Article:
29 December 2009
Loads of you have been asking for more info on the rehab work I’ve been doing on my elbows of late. I’ve been really impressed and heartened by how effective it’s been. The first thing to say is that rehab only works inside the bigger picture of treating an injury, i.e. correcting the cause and taking other steps to lower the overall stress on the affected area. The other steps are changing many different things in your lifestyle and routine outside of the climbing, but also some of the tactics within the sport routine.
To handle all of this is much more than a blogpost obviously. Hence I’m back to working on what was meant to be my first book - about the whole picture of preventing and treating climbing injuries. In this post I’m sticking to just the headlines of the rehab work:
First off I’ve been doing hot/cold water immersion to increase blood flow. In the past I’ve used just cold on my hands which seem to handle this better and evoke the Lewis reaction faster. The elbows seem to respond slightly better to hot and cold alternately. I’m presuming for now this is because they are not body extremities by comparison and not geared up for profound and rapid vasodilation but have yet to investigate this. This is just my experience though, I’ve not yet trawled through more sources of evidence, and there seem to be individual differences at work too. So try both and follow what has the best effect. I’ve been doing it daily, twice a day when I have time, and for as long as I can manage. Really the more you do, the more the effect. But 30 minutes of 5 minutes alternating hot and cold water seems to have an excellent effect.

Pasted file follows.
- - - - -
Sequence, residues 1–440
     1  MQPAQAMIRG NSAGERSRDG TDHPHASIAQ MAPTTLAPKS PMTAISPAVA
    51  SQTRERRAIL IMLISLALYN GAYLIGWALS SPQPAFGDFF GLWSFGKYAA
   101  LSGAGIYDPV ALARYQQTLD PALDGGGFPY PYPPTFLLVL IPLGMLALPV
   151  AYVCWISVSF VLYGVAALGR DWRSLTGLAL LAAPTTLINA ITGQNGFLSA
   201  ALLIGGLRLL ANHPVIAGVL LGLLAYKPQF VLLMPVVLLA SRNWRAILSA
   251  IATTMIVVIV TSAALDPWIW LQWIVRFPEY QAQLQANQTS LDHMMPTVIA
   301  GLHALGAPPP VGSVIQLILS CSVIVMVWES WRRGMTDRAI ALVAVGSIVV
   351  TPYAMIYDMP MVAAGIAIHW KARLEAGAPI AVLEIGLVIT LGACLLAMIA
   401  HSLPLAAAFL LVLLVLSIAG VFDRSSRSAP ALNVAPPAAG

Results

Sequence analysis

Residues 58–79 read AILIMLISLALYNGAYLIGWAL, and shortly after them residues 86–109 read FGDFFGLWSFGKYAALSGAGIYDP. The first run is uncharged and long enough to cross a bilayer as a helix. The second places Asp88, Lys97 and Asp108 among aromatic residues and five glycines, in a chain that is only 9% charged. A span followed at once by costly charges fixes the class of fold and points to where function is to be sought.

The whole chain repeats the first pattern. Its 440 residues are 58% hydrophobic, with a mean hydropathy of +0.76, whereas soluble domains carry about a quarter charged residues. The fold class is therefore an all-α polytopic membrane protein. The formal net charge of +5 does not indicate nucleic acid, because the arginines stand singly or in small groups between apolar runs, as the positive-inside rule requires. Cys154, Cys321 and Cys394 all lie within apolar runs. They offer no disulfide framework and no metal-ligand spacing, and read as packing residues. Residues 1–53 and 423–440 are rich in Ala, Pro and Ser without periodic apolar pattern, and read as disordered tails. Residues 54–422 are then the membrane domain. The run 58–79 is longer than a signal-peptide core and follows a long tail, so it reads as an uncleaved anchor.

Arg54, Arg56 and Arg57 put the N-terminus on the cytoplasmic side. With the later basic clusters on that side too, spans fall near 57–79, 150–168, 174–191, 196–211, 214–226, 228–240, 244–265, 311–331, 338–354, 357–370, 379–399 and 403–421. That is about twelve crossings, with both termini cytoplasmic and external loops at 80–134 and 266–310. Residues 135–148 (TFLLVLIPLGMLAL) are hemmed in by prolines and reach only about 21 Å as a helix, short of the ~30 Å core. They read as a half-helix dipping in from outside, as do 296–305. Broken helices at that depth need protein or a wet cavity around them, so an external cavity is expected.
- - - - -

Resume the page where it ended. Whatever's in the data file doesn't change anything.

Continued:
Next, the tendon strengthening work. I’ve been doing eccentric wrist curls which stimulate the tendon more strongly than the muscle tissue to grow. I started off using quite a heavy dumbell arrangement, but have since found it easier and more practical to simply use force from my other hand!
I’ve also been massaging the tendon and flexing it under no resistance. Finally, I stretch it probably 30 times or more during a rock climbing session (i.e practically between every route/circuit/problem).
I’m finding that the combined attack on the injury seems to be creating a strong enough reminder to kick it’s lazy ass into making a bit of progress. It’s still reluctant as hell though, and a week off due to illness has been enough for the elbow to let me know it’s missing the TLC during training!